20 Questions With... Jody Abrahams
Date: 4 December 2006
South African actor Jody Abrahams - who premieres Spice Drum Beat at the Tricycle this month - delves into the secrets of his past & talks about how the theatre kept him on the straight & narrow.
South African actor Jody Abrahams started working in the theatre in his native Cape Town at the grand old age of seven, where he has been performing ever since. He was last seen in London at the Tricycle Theatre eight years ago, when he performed in Kat and the Kings, for which he received an Olivier Award.
In the interim, Abrahams has been working on stage and in television productions in South Africa. Most recently he was nominated for his one-man show IS JA! and won a SAFTA award for Best Supporting Actor for his performance in Hard Copy - a television newsroom drama currently enjoying its second season on South African television.
He is now starring in Spice Drum Beat, from the creators of the award-winning smash hit West End and Broadway success Kat and the Kings. Delving deep into Cape Town's early slave history, when the Dutch first settled in South Africa, Spice Drum Beat transforms both old and recent Cape musical history into a theatrical experience using a vibrant fusion of original songs as well as folk songs that evolved more than a hundred and fifty years ago in Cape Town.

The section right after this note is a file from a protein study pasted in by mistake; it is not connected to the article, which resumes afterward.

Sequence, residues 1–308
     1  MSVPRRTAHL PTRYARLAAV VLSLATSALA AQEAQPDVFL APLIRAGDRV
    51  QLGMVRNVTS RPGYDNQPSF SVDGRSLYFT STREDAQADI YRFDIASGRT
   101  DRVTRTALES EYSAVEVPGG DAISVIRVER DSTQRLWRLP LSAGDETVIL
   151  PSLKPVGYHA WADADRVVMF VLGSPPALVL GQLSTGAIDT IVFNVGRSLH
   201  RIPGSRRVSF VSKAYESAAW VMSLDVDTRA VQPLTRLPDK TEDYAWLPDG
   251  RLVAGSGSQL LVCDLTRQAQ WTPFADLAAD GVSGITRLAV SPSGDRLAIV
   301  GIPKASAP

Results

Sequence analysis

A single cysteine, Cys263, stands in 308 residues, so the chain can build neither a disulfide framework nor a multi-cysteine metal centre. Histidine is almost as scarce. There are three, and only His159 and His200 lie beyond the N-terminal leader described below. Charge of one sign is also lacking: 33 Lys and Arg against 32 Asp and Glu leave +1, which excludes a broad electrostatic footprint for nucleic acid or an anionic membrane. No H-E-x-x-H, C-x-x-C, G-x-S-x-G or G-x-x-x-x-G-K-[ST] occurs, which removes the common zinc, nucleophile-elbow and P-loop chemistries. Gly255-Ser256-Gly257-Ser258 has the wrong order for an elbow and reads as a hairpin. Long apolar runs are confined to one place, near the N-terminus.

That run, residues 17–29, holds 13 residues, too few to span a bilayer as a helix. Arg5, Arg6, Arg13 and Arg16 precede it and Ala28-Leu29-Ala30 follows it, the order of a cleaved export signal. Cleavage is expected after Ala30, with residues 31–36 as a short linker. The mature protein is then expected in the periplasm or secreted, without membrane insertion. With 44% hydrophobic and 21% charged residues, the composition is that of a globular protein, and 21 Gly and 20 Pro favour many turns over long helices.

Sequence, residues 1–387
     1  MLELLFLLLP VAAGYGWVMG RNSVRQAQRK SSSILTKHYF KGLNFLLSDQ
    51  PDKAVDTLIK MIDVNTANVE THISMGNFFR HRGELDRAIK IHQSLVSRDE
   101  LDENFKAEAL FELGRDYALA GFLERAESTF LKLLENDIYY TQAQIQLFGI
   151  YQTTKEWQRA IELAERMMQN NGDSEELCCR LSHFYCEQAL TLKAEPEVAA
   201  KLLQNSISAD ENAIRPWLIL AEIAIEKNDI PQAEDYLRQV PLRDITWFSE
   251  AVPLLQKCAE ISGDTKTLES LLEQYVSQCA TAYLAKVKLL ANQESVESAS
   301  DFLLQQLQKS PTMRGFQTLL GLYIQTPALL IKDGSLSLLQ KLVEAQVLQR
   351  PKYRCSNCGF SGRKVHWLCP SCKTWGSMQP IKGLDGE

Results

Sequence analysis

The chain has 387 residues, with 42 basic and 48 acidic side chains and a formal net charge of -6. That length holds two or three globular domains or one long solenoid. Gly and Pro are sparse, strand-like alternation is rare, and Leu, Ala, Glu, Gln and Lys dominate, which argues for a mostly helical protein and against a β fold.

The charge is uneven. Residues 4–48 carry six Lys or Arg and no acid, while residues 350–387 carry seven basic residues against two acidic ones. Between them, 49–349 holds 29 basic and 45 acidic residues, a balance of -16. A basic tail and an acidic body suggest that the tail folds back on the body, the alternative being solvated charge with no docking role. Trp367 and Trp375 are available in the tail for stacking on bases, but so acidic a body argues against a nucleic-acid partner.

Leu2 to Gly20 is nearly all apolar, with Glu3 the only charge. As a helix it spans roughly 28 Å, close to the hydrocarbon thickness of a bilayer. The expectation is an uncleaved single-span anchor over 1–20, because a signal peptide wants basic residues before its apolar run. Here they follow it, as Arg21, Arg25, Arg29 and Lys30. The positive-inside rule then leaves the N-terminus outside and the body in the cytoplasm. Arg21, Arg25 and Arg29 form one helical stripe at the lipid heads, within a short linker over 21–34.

Written and directed by David Kramer, the award-winning show received its world premiere at the Klein Karoo Nasionale Kunstefees in 2005 before going on to have two sold out seasons at the Baxter Theatre, Cape Town as well as a season in Johannesburg in 2006.
Date & place of birth
I was born in Cape Town in 1974.
Lives now in
Cape TownÖ itís still my home.
Training? What made you want to work in theatre?
I didnít train actually. I trained at the college of knowledge. It was more my family who wanted to put me on the stage rather than me, although I loved it, but Iíve been doing it ever since I was a small kid because I was getting up to all sorts of mischief and they thought the only way to keep an eye on me was to put me on stage!